Powers aim to revive Afghan peace talks with Taliban by end-February

A member of the Taliban © Stringer Afghanistan / Reuters
Officials from Afghanistan, Pakistan, the US and China have agreed to push for direct talks with the Taliban by the end of February. The prospects for a peace plan are unclear, as the insurgent group still doesn’t trust the US-backed Kabul government.

In a statement following the meeting on Saturday in Pakistan’s capital of Islamabad, officials from the four countries said they “agreed to continue joint efforts for setting a date for direct peace talks between the representatives of the Afghan government and Taliban groups expected to take place by the end of February 2016.”

Kabul, Islamabad, Washington and Beijing have been working on the groundwork for talks with the Taliban, which has made significant military gains since the official withdrawal of American and NATO troops from Afghanistan in 2014.

Rival factions competing for leadership inside the insurgent movement expressed conflicting views on joining the negotiations, but Kabul and other mediators were hopeful that at least moderates inside the Taliban would be willing to participate.

Senior members of the Afghan Taliban said they had decided not to participate in Saturday's talks, objecting to the presence of both the US and the Afghan government.

“We believe in dialogue and feel that all the issues can be resolved through negotiations, but we don't have any trust in the US and puppet Afghan government,” Reuters quoted a senior member aligned with Mullah Akhtar Mohammad Mansour, leader of the largest Taliban faction.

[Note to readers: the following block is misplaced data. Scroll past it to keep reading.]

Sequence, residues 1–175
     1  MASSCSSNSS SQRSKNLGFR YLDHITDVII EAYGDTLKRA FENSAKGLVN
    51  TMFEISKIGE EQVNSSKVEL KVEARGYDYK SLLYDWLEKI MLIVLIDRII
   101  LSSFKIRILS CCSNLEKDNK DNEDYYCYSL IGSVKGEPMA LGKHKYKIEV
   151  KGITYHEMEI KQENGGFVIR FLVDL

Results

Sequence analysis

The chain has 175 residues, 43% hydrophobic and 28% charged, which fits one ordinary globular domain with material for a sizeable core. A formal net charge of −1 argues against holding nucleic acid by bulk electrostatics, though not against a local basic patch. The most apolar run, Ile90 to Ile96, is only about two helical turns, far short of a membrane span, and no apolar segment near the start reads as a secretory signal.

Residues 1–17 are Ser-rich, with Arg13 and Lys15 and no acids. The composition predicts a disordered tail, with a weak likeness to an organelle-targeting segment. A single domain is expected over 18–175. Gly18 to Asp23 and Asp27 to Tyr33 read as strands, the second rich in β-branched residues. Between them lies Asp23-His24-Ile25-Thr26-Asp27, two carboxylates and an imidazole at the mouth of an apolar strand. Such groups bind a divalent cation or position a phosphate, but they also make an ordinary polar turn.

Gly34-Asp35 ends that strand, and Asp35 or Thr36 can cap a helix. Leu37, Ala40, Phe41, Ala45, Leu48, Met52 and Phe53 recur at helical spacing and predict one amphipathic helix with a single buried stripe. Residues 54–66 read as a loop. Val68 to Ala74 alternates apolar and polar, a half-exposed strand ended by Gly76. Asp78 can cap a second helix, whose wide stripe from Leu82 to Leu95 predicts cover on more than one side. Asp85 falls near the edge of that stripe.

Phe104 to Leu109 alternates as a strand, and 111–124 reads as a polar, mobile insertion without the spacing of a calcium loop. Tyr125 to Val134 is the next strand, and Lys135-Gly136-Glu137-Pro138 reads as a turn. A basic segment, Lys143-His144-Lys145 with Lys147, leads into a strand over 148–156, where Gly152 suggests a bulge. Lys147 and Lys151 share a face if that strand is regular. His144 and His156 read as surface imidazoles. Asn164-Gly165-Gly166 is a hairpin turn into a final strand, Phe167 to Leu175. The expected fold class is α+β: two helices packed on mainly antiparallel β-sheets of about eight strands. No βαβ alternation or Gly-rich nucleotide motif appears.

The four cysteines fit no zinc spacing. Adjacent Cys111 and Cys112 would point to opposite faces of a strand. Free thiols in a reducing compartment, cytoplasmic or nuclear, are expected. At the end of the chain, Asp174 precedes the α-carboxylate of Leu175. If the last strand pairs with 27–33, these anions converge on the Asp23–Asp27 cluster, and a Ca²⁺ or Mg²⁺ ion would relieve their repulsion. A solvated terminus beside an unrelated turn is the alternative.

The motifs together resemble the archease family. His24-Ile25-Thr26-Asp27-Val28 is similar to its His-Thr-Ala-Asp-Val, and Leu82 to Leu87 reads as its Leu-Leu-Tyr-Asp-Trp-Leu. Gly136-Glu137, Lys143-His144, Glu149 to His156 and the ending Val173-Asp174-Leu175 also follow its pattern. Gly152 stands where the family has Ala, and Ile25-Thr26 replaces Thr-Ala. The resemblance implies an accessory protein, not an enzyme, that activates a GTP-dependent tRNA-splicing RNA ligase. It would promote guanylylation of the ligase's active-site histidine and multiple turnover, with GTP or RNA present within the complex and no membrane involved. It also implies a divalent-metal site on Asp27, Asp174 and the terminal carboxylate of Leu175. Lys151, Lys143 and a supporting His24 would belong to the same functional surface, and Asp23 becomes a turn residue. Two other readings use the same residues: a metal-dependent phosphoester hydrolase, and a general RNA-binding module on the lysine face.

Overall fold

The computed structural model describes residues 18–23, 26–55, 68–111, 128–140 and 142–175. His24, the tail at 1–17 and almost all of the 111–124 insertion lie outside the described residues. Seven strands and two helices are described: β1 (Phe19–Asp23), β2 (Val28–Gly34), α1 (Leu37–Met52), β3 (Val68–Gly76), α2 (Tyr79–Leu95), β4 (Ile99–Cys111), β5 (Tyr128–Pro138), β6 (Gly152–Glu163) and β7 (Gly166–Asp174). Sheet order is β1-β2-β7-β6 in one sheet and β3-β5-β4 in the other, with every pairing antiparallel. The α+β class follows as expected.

Earlier on Thursday, the Afghanistan government’s chief executive Abdullah Abdullah told Reuters that Kabul’s security agencies had talked to some moderate factions inside the Taliban who might be ready to cease violence and start talking. Abdullah said he expects direct talks with the Taliban leadership to begin “sooner than six months,” despite continuing offensives and terror attacks the militant group is carrying out in Afghanistan’s major cities.

Talks between Kabul and the Afghan Taliban have been on hold since last year after it became known that Mullah Mohammad Omar, the movement's notorious founder and leader, had been dead for more than two years, leaving the group deeply divided.

While the US-backed Kabul government believes talks with the Taliban may end the 15-year war, the insurgent movement is demanding political recognition, removal from the UN blacklist and the release of detainees.

The Taliban evolved in the early 1990s from the Mujahedeen groupings fighting against Soviet troops stationed in Afghanistan between 1980 and 1989.

Following the US-led invasion in 2001, the Taliban re-emerged in the mid-2000s and now controls large parts of the country.